This being the first day back at school, Andrew Scheer was obliged to stand and tell the class what he'd done with his summer.
"Mr. Speaker, this summer I spent my time crossing the country talking to hard-working Canadians, job creators and entrepreneurs," Scheer reported.
"And I can tell the prime minister one very simple thing: they are not tax cheats," he said, turning to stare down Justin Trudeau.
Scheer's fellow Conservatives applauded.
The Conservative leader presumably did not mean to imply he had reviewed the tax returns of each and every person he spoke with this summer.
Rather, he meant to take issue with the Trudeau government's hotly contested implication that something is amiss in what the tax system allows.
"These are the people who mortgage their homes, who take an idea and create opportunities in their neighbourhood," Scheer ventured. "So my simple question to the prime minister is, why is he hurting the very people he claims he wants to help?"
In response, the prime minister attempted to parse any misunderstanding.
"Mr. Speaker, there is no suggestion that any Canadians aren't following the rules," he said.
The Conservatives cried out in objection.
"The problem is, the rules we have currently favour the wealthy over the middle class," Trudeau continued. "We have a system right now that allows wealthy Canadians to use private corporations to pay lower tax rates than middle class Canadians.
"That's ... not ... right."
Scheer would stand another 10 times to query the prime minister about the government's proposals to change the tax rules for incorporated entities and a succession of Conservatives would use the rest of the Official Opposition's opportunities to pursue the same topic.
Nary a word would be said about Omar Khadr and his multimillion-dollar government settlement, this summer's previous outrage. Perhaps if Khadr had incorporated himself over the summer, the Conservatives would still be interested in his case.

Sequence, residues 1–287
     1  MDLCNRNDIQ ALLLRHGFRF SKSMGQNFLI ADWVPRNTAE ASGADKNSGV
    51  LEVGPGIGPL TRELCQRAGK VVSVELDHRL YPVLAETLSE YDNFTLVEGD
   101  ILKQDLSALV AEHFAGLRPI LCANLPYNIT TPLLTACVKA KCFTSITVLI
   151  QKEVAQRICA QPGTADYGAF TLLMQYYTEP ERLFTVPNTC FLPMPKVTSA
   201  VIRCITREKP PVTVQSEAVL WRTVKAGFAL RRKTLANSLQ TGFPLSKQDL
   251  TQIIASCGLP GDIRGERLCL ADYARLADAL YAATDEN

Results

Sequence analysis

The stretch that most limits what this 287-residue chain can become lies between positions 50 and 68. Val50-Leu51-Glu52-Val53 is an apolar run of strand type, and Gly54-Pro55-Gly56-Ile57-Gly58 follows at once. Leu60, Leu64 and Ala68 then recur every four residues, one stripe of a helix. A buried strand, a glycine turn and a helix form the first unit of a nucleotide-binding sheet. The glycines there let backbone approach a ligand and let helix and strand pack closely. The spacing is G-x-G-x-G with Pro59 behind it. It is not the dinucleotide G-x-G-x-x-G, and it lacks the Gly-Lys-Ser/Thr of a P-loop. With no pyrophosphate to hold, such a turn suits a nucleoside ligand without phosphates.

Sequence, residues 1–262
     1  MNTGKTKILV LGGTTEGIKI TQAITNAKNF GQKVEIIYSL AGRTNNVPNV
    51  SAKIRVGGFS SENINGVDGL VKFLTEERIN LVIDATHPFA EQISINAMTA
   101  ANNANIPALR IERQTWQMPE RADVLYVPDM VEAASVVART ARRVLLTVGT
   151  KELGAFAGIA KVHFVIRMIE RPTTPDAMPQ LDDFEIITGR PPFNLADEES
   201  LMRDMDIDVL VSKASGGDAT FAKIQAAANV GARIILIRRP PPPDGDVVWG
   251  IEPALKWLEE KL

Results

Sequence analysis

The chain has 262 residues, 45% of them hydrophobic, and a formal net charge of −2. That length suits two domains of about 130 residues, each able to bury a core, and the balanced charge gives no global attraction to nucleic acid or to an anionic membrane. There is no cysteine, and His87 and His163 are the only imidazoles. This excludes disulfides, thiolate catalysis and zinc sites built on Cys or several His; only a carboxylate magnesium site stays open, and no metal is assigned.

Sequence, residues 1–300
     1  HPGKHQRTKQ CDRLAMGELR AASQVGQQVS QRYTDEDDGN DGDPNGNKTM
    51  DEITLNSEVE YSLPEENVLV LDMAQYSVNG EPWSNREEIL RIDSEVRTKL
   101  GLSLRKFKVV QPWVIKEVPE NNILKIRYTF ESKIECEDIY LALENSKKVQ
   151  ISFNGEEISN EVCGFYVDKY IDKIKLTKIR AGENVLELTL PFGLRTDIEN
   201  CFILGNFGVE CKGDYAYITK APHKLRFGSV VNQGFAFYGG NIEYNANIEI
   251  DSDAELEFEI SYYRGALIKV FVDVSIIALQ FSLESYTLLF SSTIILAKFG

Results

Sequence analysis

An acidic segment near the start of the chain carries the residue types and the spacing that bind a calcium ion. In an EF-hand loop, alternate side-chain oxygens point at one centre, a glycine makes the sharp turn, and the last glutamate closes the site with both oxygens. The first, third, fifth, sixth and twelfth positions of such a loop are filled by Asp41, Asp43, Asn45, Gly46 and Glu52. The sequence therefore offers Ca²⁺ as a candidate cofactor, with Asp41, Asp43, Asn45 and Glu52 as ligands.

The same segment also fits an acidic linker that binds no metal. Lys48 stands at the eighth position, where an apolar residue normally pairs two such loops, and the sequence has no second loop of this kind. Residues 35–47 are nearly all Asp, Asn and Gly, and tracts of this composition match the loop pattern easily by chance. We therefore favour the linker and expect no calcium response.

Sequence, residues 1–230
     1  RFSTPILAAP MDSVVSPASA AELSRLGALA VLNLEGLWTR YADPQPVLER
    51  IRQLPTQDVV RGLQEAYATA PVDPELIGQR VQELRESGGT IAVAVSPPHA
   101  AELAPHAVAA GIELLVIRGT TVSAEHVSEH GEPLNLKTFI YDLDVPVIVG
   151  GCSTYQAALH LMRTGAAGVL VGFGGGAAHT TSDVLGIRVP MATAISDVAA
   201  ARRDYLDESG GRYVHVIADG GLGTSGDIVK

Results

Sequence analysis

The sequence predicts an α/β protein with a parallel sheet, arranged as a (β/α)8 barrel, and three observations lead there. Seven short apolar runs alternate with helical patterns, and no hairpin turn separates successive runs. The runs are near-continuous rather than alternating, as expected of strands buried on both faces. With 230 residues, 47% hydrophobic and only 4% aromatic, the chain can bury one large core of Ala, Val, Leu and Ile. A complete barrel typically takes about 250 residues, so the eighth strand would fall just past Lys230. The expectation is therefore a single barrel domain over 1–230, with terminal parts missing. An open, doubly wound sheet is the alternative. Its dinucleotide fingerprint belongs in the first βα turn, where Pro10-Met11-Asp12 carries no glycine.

It's possible both sides are actually happier to be fighting about tax reform. The Conservatives because lots of people hate taxes and the Liberals because lots of people like the idea that taxes should be applied fairly.
Scheer would eventually narrow his concern to the plight of the Canadian mechanic.
"Right now, a mechanic can save in these investments to save up for a new purchase, which will allow her to hire another worker," Scheer explained. "The Liberal plan will tax those investments twice. That will kill any opportunity for her to expand and hire more workers."
The Conservative struck an angry, dimple-less expression as he sat down.
Ideally, this would be followed by a full accounting of how many mechanics would be impacted by the Liberal changes and how precisely they would be made markedly worse off.
And that would be followed by a discussion of whether mechanics deserve to have access to savings mechanisms — sprinkling income among family members, saving money within their business — that are not available to individuals who are not incorporated.
But question period is not the place for such details.
Trudeau would eventually land on his own example.
"Mr. Speaker, the member opposite, and indeed the entire opposition, has been going around the country, telling every doctor that they meet that they stand with them," Trudeau said.
The Conservatives seemed unsure how to react to this comment, whether to applaud themselves or object to the suggestion.
"That they will defend their rights to pay lower taxes than nurses that work alongside those doctors," Trudeau continued. "We don't think that's fair."
Luckily for Trudeau, apparently not all doctors are mad at him.
But if the Liberals can show that mechanics will be no worse off, they might yet escape this.
In the meantime, Scheer will claim to be defending "job creators." Trudeau will claim his intention is to ensure the "wealthiest" are not advantaged over the "middle class."
Every so often Monday the NDP interjected with a question about nuclear disarmament or the bridge to Detroit.
Trudeau challenged Scheer to explain whether a future Conservative government would reverse the Liberal changes, a challenge that would land harder if the Liberals had settled on a complete set of specific proposals. At this point, there is only a "consultation document."
Scheer suggested Trudeau's Liberals are only pursuing these changes in order to balance the budget, a charge that would make more sense if a significant amount of tax revenue was in play. At the moment, the new measures would barely put a dent in the deficit.
Scheer worried about the "the entrepreneur who has to self-fund her maternity leave because she does not have a government-funded plan." But that might actually sound like an argument for extending government benefits.
Both Trudeau and Scheer suggested the other doesn't understand what's being proposed.
The actual math might eventually catch up to one or both of them. But, for the moment, both would seem to sense they have a defining moment at hand.